While lawmakers and the general public grapple with calls for greater gun control in the wake of the Newtown shootings, Robert Crook, head of the Coalition of Connecticut Sportsmen, is emerging as a central figure in the statewide debate.
Crook in the past week has decried a proposal to tax certain kinds of ammunition, calling the idea “asinine.” He also has said the term “assault weapon” is partly a “media invention,” and has expressed confidence that a proposal to ban or limit high capacity gun magazines, which can hold dozens of rounds of ammunition in a single clip, will fail once the state’s attention on Newtown begins to quiet.
"We killed it once," the Hartford Courant quotes Crook saying about such a ban, "and I would suspect, once things quiet down a little bit, we'll probably do it again."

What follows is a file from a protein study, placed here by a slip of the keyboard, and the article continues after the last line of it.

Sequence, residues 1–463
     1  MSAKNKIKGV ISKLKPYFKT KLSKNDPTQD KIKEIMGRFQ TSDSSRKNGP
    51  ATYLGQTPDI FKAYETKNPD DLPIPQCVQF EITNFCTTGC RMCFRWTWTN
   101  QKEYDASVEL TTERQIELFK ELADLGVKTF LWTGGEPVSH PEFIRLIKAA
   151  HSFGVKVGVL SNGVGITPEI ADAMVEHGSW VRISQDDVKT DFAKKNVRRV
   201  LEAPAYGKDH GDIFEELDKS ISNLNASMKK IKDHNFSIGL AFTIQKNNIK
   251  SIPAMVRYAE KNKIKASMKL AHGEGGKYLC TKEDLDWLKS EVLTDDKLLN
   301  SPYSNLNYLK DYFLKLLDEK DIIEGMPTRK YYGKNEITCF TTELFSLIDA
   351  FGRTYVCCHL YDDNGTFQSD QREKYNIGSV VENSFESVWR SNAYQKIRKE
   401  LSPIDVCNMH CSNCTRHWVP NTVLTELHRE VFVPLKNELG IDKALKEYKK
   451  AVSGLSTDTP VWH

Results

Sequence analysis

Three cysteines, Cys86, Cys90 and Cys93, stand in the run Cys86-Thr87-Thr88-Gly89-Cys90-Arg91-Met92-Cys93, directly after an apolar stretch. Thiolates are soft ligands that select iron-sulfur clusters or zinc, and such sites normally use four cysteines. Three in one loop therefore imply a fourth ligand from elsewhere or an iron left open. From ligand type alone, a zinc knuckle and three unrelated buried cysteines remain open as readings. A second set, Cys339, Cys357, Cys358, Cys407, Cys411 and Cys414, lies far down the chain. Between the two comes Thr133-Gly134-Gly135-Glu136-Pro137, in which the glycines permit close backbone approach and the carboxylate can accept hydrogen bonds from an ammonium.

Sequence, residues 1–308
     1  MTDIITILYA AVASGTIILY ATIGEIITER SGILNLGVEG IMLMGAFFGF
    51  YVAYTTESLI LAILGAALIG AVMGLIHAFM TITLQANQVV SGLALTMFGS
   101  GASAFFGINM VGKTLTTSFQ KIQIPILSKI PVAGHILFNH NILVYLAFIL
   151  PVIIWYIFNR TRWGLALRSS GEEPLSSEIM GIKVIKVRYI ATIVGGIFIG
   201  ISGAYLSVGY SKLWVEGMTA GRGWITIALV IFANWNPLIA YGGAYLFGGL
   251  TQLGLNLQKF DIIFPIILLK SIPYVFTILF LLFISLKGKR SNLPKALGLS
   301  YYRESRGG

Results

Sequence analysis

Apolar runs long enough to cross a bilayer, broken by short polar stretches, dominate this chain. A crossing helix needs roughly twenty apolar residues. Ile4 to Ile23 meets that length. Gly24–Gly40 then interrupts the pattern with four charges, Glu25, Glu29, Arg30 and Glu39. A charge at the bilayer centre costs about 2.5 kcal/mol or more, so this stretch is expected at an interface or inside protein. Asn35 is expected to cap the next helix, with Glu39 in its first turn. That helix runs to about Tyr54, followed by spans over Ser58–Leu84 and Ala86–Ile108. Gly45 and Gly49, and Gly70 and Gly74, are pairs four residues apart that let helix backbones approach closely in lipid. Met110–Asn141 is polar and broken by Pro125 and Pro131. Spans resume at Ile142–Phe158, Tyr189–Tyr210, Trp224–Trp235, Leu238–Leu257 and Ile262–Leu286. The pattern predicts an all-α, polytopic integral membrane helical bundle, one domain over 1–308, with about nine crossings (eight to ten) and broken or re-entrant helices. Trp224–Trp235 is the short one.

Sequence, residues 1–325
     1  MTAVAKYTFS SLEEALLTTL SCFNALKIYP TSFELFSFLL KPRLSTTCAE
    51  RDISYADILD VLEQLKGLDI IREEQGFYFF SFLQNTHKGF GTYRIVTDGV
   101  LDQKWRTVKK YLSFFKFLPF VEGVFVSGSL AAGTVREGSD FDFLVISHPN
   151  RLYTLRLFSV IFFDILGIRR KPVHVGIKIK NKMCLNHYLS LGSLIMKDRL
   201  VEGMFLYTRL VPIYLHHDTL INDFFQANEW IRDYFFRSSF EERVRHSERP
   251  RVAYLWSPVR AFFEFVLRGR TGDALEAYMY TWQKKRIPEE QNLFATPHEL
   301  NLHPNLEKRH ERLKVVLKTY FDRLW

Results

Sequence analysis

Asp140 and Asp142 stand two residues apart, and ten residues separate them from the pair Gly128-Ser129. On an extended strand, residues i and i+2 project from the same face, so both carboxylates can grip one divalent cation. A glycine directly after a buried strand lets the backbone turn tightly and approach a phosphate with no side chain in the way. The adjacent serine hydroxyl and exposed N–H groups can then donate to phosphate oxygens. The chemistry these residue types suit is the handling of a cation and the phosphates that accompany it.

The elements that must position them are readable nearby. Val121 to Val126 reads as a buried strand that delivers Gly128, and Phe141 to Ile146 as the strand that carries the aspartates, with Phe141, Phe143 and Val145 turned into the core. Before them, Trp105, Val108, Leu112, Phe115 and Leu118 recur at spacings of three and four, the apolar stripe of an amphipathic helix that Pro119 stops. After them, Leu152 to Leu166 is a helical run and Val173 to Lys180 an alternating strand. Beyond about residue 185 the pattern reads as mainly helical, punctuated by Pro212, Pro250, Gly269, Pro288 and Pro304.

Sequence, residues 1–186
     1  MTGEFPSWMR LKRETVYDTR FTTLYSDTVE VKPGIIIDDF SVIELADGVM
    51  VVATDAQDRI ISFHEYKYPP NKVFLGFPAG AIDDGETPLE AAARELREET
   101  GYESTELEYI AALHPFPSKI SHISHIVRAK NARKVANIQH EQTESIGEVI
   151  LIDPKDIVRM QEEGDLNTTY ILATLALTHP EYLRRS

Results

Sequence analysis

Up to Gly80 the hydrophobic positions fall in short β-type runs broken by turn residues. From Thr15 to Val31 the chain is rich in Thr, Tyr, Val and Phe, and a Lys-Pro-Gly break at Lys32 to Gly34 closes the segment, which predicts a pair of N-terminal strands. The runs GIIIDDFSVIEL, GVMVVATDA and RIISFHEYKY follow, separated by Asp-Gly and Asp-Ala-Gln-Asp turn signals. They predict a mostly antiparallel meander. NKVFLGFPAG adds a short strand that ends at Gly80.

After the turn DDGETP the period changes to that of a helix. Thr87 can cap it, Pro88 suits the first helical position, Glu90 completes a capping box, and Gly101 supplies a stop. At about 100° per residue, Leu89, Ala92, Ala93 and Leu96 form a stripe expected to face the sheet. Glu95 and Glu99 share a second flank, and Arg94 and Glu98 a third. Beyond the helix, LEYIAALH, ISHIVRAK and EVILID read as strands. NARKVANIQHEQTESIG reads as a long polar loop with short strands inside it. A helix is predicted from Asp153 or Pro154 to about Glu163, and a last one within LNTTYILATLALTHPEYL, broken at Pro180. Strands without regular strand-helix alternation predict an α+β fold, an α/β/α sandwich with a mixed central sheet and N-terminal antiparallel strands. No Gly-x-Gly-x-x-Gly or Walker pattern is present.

When state Sen. Beth Bye, D-West Hartford, who knows the parents of one of the 20 children killed at Sandy Hook Elementary School, proposed the idea of a tax on high capacity rounds Crook publicly took the suggestion to task.
"We should be looking for solutions to the problems, not these asinine ideas," the Connecticut Mirror quotes Crook about Bye’s idea. "I don't think ammunition is a health hazard. We use it in hunting. We use it in target shooting. I don't know how you can call it a health hazard, unless it's used in something like this Newtown shooting."
Homeowners should have access to semi-automatic weapons, Crook said in this New Haven Register report, to safeguard against home invasions that involve more than one assailant.
“You want to have as much ammunition as possible,” Crook said.